An infrared imager developed by UC San Diego engineers could be used to see through smog and fog; easily locate blood vessels on a patient; and see through silicon wafers to inspect the quality of electronic boards. It is also slim, compact and less costly to fabricate than similar technologies.
How do different parts of the brain communicate with each other during learning and memory formation? A study by researchers at UC San Diego takes a first step at answering this fundamental neuroscience question, thanks to a neural implant that monitors multiple brain regions at the same time.
A University of Washington team created Audeo, a system that can generate music using only visual cues of someone playing the piano.
A new kind of radar could make it possible for self-driving cars to navigate safely in bad weather. Electrical engineers at the University of California San Diego developed a clever way to improve the imaging capability of existing radar sensors so that they accurately predict the shape and size of objects in the scene. The system worked well when tested at night and in foggy conditions.
University of Utah electrical and computer engineering professor Massood Tabib-Azar is developing a portable, reusable sensor for COVID-19 that works with a cellphone. It can detect the presence of the virus in about a minute and just requires a drop of saliva.
What do energy usage in buildings and traffic congestion have in common? Crowdsourcing.
SUMMARYResearchers developed and demonstrated for the first time a silicon-based electro-optical modulator that is smaller, as fast as and more efficient than state-of-the-art technologies. By adding indium tin oxide (ITO) – a transparent conductive oxide found in touchscreen displays and…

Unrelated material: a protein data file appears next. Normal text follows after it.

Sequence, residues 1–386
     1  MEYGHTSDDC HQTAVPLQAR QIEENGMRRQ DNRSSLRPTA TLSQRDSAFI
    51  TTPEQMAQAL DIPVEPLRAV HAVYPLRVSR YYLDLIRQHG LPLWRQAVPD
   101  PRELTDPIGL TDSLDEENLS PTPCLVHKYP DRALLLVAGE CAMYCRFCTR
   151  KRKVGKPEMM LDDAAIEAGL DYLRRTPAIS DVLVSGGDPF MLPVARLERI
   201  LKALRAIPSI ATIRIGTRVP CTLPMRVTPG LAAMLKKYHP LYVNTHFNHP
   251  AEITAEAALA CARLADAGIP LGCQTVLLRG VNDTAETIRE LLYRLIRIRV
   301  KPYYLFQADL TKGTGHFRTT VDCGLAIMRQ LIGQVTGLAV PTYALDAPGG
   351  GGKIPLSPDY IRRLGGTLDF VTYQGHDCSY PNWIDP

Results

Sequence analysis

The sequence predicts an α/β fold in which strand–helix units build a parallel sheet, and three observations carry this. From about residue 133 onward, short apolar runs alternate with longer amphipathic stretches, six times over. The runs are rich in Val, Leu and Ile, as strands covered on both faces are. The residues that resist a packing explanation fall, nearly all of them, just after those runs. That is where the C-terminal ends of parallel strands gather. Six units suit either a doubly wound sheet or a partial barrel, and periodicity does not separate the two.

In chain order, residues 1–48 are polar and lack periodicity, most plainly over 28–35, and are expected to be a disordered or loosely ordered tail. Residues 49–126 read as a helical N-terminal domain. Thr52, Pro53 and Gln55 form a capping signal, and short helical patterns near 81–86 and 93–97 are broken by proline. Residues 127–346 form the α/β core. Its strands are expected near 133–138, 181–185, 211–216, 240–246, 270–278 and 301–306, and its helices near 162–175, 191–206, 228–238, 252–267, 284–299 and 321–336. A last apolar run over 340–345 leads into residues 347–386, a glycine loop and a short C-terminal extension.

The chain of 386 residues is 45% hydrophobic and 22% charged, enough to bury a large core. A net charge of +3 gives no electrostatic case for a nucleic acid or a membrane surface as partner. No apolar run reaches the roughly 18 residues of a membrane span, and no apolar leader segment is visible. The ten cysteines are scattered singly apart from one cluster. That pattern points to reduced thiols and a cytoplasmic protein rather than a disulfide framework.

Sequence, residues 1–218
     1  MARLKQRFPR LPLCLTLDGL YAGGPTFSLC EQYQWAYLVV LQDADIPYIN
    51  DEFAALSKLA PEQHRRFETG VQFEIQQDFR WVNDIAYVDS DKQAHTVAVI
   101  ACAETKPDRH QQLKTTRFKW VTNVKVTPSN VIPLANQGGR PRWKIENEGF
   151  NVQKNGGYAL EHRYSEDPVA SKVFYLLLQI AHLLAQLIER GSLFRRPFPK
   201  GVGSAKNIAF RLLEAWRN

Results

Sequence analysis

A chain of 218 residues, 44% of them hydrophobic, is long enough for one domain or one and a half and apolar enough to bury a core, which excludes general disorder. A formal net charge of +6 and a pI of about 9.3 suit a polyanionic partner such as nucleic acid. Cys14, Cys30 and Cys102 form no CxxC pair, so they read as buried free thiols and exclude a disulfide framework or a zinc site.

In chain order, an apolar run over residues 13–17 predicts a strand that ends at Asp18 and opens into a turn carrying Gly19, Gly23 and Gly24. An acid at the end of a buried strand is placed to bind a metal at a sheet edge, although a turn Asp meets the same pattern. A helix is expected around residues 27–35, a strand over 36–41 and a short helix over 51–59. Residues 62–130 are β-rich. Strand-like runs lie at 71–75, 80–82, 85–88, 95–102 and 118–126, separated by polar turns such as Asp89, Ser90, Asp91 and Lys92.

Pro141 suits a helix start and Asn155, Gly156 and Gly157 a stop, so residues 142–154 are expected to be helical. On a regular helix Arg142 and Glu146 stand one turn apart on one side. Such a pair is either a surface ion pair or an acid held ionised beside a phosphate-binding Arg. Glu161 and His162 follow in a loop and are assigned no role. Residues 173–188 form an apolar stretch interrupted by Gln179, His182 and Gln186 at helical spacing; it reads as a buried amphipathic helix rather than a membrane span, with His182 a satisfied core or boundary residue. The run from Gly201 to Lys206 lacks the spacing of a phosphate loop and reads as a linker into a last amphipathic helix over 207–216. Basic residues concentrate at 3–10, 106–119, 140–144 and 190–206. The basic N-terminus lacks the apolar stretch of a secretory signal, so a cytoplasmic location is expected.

The ever-increasing price of fertilizers and environmental concerns about nutrient runoff make development of a rugged continuous electronic monitoring device to detect soil fertility a possible boon to agriculture in the United States and the United Kingdom (UK).
More portable, fully wireless smart home setups. Lower power wearables. Batteryless smart devices. These could all be made possible thanks to a new ultra-low power Wi-Fi radio developed by UC San Diego engineers. It enables Wi-Fi communication at 5,000 times less power than commercial Wi-Fi radios.
UW researchers have created AuraRing, a ring and wristband combination that can detect the precise location of someone’s index finger and continuously track hand movements.
Two University of Delaware faculty, professor Rudolf (Rudi) Eigenmann and Engineering Alumni Professor Dennis Prather, have been named Fellows of IEEE (formerly known as the Institute of Electrical and Electronics Engineers).